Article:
No discussion of the future could be taken serious without a discussion around wireless. Of all the things I am going to say in this entry, this is likely to be the least controversial.
Wireless is an area where much is going to change in a relatively short amount of time. And those changes are going to be more reactive to consumer trends and new competitions.
This topic is a very broad subject, so for this treatment we are going to stick to Wi-Fi and cellular mobile architectures. Unless you are a member of IEEE or 3GPP, they can seem complex or even intimidating. So let's break it down a bit, and start with the idea that there is benefit in understanding the how (we got here) before we can discuss the what (is likely to come). Wi-Fi has been around as a stable WLAN architecture for over 15 years and mobile broadband has been tolerable since the release of HSPA (3G) in 2010. But there is much still to be worked out, in both the licensed and unlicensed frequency space.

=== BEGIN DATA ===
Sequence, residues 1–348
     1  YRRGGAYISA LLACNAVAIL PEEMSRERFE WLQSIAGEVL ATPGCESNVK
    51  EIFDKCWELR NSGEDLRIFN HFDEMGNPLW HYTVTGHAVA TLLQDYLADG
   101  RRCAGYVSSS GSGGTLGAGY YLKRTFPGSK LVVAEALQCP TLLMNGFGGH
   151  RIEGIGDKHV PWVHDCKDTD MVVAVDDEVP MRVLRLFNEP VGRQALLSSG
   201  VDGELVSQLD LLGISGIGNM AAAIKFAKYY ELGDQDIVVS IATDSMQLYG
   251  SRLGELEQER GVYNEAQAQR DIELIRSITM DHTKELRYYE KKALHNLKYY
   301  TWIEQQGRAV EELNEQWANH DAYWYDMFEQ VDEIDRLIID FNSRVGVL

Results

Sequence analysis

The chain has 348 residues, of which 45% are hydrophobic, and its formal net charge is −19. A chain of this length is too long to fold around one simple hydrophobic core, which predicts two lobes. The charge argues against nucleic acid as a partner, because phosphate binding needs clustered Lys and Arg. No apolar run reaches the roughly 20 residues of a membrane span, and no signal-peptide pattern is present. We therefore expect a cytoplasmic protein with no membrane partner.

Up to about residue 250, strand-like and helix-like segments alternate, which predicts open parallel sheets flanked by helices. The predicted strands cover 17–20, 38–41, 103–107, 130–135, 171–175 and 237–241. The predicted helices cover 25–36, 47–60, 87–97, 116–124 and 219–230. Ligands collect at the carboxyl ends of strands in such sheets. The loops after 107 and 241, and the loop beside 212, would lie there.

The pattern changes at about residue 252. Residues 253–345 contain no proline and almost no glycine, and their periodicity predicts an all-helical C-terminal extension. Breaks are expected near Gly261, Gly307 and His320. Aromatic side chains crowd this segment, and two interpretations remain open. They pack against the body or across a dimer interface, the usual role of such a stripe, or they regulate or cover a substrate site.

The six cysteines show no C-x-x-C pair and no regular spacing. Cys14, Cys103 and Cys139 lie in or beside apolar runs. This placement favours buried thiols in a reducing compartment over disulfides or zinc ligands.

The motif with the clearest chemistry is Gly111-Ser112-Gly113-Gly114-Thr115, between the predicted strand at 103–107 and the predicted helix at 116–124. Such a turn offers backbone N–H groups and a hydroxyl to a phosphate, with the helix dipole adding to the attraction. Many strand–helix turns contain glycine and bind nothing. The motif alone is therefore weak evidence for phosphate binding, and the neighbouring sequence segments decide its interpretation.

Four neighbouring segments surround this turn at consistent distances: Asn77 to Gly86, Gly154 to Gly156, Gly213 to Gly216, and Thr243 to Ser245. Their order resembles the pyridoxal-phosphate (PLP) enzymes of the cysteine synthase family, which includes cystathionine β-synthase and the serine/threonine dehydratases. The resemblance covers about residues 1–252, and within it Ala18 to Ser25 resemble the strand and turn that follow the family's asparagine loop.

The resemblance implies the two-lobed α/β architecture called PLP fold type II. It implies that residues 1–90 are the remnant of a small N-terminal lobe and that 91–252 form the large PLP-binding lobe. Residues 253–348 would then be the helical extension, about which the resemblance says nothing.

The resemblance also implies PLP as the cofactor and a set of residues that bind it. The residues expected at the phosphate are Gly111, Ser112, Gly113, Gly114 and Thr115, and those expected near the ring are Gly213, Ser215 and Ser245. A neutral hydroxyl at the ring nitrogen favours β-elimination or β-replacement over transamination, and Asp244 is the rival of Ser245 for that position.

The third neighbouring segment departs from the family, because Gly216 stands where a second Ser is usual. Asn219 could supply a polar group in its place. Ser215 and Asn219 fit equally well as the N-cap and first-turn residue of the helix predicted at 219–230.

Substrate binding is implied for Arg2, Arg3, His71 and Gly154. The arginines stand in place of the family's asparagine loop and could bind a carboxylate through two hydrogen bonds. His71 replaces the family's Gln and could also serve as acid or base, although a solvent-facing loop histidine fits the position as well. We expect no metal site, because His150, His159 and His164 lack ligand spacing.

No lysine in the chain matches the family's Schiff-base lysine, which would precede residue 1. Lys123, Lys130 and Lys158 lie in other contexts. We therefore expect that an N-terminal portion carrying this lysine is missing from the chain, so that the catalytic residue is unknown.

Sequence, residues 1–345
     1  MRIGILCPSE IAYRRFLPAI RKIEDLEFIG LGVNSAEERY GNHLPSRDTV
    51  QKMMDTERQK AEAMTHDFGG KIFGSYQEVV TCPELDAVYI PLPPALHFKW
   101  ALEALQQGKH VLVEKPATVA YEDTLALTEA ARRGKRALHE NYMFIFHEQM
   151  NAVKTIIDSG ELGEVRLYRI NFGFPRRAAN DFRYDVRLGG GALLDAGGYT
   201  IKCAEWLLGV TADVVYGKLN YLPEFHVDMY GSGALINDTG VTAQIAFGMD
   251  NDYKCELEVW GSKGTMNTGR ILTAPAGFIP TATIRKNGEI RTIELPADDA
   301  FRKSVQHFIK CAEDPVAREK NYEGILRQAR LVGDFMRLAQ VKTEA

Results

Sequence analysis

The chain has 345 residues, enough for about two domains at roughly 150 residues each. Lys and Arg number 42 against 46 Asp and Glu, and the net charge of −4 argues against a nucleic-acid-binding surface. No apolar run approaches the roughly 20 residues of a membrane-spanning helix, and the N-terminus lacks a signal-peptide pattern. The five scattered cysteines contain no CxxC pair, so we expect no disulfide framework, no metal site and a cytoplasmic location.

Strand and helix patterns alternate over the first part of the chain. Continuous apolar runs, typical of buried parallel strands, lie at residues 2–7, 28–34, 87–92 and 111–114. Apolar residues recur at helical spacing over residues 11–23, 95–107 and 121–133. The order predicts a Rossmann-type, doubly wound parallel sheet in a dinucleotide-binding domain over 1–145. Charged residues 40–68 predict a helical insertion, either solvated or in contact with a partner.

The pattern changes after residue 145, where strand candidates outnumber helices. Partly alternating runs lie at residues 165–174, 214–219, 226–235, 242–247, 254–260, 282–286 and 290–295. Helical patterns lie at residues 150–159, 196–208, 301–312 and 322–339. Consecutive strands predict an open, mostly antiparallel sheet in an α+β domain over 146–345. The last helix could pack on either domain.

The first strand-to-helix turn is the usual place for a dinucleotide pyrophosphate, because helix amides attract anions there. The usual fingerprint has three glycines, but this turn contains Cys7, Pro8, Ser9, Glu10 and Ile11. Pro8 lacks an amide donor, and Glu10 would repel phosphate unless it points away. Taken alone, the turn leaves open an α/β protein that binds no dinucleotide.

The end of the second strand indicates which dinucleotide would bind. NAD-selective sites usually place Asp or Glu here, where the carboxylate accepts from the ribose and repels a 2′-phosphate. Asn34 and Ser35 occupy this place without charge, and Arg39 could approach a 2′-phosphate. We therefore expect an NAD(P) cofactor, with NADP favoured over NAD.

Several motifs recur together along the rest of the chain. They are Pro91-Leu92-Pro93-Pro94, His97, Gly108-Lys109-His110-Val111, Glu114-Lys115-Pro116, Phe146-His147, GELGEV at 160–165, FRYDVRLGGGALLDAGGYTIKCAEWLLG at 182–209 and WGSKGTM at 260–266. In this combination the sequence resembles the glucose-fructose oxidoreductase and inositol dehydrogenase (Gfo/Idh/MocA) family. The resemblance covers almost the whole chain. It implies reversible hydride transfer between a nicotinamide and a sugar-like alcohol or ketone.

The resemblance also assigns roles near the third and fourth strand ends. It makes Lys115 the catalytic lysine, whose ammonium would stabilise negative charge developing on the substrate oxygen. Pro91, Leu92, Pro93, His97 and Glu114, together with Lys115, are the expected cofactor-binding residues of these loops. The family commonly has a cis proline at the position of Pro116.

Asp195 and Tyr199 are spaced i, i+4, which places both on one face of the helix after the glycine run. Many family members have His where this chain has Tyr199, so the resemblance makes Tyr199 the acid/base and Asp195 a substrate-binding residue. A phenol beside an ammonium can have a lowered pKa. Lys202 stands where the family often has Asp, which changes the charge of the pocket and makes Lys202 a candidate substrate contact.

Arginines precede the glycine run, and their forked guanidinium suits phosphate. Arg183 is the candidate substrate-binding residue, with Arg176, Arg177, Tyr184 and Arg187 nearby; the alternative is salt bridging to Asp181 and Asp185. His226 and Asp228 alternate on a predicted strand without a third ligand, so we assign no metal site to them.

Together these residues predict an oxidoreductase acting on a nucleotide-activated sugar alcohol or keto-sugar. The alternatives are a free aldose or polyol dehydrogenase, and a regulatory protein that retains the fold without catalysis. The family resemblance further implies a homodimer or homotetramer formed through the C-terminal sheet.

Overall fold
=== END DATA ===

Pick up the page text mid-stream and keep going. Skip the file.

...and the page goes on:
Honestly speaking Wi-Fi still exists as the wild west. Consumers are frustrated, and they don’t have an easy off the shelf solution, they are looking for something that just works. The device (access point or AP) market is dominated by the service provider (monthly lease) with their single AP fits all model. The retail market has seen a recent batch of mesh solutions from old and new players, with their set it and forget it hardware. The demands from large MDU’s (multi-dwelling apartment style building) are pushing the limits of congestion and collision, and every vendor and service provider is looking for that magic bullet (solve the physics issues). The number one type of service call for the service provider is still Wi-Fi and connectivity issues, and if the solution was about hardware, there would not be a problem anymore. In response most of the major service providers are looking at some form of Carrier Class Wi-Fi (CCW). Emulating the core features of mobile networks (carrier) that manage multi-AP, roaming, device management, authentication, SON, recovery, quality and ultimately packet core (combined data and voice on the same network). CCW is this idea that the right number of features and devices can efficiently deliver the Wi-Fi services providers need and the quality consumers want. But, in order to get there, to build and sell CCW; critical pieces required to offer a differentiated service that meets the wide and varied needs of diverse installations requires interoperability and increased investment. By contrast, much of today’s commercially available Wi-Fi is offered as best effort with no expectation of quality of service.